Use this URL to cite or link to this record in EThOS: http://ethos.bl.uk/OrderDetails.do?uin=uk.bl.ethos.661769
Title: Molecular studies on the hypoxanthine phosphoribosyltransferase of Plasmodium falciparum
Author: Shahabuddin, Mohammed
Awarding Body: University of Edinburgh
Current Institution: University of Edinburgh
Date of Award: 1990
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Abstract:
Hypoxanthine phosphoribosyltransferase (EC 2.7.2.8) of P.falciparum has been studied for its biological properties and cellular location. The enzyme plays an important role in the parasite's life, and therefore is a putative target for chemotherapy against malaria. Due to the difficulty in obtaining large amounts of the enzyme from the parasite, it was over-expressed in E.coli, first as a fusion protein with E.co/i-j8-galactosidase. This facilitated the one step purification of the protein, using /3-galactosidase substrate affinity chromatography, for making antibodies against the enzyme. The antibodies thus made were used to investigate the cellular location, a prerequisite for a successful drug design against the parasite enzyme. Im-munofluorescent microscopy (IFA) and immunogold electron microscopy revealed that; 1. the enzyme is expressed at all the stages of the parasite's life, 2. the enzyme is concentrated in some vesicular bodies of unknown origin, 3. in the sporozoite, it may be released into the intrapellicular spaces. Subsequently, the enzyme was over-expressed directly in E.coli, as a non-fusion protein and retained its enzymatic activity. This opened the way to study the enzyme for its biochemical properties and structure-activity relationship. The active E.co/i-expressed P.falciparum HPRT compensated a S.typhimurium hpt mutation. The strain, named S.lyphimurium SH4 can now be used to screen large numbers of putative antimalarial drugs which might act against the parasite HPRT. This will be both simple and inexpensive. The cell free extract of induced SH4 was used to study some biochemical properties of the enzyme. Such a study confirmed the finding that unlike any other Plasmodia studied so far, P.falciparum HPRT can use xanthine as its substrate in addition to hypoxanlhine and guanine. However, competitive inhibition studies revealed that hypoxanthine is the most favourable substrate. The possible biological significance of such properties is discussed.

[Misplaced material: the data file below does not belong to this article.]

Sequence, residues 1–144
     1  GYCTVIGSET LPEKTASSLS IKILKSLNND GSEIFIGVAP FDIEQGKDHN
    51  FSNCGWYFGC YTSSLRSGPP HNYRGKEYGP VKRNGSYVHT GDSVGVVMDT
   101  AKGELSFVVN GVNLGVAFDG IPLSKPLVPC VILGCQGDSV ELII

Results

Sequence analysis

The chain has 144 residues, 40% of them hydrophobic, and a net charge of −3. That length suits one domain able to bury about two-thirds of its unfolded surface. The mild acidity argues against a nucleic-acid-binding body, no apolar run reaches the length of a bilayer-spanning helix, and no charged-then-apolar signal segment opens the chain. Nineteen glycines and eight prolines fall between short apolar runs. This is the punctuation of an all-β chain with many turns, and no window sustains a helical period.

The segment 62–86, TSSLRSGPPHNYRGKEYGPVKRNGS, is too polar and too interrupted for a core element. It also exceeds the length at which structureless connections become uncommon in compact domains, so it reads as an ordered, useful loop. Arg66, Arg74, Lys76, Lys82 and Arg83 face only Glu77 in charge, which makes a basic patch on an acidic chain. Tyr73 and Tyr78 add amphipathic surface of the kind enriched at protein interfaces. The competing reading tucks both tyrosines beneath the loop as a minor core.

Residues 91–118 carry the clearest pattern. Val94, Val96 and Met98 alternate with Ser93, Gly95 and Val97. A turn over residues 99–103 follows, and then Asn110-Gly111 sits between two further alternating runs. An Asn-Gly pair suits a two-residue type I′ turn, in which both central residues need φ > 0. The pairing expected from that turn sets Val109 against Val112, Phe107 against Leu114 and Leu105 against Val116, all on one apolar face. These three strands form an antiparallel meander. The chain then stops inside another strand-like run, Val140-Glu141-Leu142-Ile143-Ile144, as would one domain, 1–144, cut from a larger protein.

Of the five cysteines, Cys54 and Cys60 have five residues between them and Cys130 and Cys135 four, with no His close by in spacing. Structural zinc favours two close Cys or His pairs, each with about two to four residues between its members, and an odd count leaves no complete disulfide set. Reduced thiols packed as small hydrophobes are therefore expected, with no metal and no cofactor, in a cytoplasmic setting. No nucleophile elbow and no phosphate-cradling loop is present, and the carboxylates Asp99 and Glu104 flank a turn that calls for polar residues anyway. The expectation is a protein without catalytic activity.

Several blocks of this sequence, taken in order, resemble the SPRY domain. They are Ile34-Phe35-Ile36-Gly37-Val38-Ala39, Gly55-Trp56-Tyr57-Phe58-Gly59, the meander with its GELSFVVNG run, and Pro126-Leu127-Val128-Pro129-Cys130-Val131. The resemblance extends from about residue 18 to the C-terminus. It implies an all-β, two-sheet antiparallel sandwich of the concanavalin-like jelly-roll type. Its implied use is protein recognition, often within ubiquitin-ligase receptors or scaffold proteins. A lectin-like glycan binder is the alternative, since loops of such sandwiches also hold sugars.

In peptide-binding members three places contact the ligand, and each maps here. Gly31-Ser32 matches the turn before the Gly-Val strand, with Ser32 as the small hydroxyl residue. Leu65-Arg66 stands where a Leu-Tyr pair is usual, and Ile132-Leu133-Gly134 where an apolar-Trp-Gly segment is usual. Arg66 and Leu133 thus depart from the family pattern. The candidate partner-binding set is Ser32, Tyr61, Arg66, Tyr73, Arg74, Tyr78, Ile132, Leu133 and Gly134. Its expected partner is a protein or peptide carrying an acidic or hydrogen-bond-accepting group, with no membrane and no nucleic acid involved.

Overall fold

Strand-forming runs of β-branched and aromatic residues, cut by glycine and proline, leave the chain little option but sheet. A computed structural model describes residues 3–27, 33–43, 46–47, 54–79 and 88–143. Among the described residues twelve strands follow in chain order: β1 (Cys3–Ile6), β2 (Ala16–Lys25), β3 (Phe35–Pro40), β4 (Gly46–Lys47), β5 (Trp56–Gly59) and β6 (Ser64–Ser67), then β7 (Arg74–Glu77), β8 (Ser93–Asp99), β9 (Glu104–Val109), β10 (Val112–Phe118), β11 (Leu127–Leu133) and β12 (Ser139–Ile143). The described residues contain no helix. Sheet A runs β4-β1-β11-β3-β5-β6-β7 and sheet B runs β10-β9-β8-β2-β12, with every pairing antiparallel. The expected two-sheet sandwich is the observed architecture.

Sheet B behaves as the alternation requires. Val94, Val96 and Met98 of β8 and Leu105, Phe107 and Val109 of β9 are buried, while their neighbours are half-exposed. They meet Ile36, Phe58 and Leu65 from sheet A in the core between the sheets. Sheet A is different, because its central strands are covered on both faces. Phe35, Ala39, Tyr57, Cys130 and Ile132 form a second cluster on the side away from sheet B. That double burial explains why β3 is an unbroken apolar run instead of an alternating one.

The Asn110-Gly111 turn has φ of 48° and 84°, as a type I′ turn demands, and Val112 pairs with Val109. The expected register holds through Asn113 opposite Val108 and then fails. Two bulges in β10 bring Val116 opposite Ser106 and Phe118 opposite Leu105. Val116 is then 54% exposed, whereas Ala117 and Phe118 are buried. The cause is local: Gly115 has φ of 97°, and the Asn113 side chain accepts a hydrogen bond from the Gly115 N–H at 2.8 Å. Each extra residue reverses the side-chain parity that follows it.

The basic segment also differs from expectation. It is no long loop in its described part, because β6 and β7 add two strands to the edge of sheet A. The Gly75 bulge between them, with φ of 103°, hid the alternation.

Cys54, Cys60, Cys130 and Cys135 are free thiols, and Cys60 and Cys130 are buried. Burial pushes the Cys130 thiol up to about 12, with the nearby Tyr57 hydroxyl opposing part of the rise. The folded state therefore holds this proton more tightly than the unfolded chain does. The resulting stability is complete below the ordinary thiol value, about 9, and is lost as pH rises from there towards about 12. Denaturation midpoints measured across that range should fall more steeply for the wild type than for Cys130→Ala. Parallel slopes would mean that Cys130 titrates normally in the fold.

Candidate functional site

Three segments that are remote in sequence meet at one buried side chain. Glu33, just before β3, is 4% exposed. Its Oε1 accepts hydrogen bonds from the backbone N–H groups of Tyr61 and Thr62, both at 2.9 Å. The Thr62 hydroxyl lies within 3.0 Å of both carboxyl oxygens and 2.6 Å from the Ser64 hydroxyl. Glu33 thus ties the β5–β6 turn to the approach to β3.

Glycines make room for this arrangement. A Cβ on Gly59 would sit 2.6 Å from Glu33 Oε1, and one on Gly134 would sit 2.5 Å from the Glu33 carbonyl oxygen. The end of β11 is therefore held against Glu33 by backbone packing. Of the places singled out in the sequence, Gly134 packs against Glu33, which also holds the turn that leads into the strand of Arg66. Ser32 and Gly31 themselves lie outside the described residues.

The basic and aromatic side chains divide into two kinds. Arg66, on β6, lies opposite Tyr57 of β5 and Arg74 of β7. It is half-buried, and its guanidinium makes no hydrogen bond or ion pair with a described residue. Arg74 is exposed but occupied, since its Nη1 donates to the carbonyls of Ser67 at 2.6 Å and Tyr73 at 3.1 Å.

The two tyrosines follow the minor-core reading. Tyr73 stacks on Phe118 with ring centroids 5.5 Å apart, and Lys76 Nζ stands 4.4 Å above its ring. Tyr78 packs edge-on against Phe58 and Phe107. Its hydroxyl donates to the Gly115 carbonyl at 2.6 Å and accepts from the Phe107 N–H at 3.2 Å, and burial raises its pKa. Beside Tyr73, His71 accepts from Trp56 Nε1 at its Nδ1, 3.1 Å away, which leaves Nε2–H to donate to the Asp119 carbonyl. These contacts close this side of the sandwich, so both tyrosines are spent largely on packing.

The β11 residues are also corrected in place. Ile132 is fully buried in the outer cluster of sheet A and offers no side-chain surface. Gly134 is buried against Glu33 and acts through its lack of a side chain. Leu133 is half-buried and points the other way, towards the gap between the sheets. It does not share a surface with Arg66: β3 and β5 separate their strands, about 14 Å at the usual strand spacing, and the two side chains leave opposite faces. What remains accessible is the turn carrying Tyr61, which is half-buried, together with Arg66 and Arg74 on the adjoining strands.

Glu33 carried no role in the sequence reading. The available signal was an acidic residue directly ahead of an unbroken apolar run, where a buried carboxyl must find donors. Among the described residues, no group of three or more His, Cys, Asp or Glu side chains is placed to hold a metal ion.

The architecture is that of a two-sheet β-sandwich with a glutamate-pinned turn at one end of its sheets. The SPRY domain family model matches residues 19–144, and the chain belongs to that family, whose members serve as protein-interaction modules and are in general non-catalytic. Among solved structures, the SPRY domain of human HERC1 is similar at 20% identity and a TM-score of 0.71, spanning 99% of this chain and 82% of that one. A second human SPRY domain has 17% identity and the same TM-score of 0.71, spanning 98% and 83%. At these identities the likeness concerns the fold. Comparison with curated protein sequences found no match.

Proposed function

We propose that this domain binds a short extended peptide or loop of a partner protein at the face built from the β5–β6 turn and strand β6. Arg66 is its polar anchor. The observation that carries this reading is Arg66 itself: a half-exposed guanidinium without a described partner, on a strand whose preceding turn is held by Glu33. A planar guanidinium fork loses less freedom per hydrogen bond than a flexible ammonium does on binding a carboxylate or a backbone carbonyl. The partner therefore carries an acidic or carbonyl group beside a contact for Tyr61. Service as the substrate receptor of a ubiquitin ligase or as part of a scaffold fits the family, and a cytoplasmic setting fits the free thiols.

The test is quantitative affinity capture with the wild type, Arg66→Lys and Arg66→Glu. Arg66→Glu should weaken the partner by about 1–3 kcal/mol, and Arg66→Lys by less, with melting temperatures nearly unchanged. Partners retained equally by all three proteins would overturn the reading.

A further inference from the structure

Supervisor: Not available Sponsor: Not available
Qualification Name: Thesis (Ph.D.) Qualification Level: Doctoral
EThOS ID: uk.bl.ethos.661769  DOI: Not available
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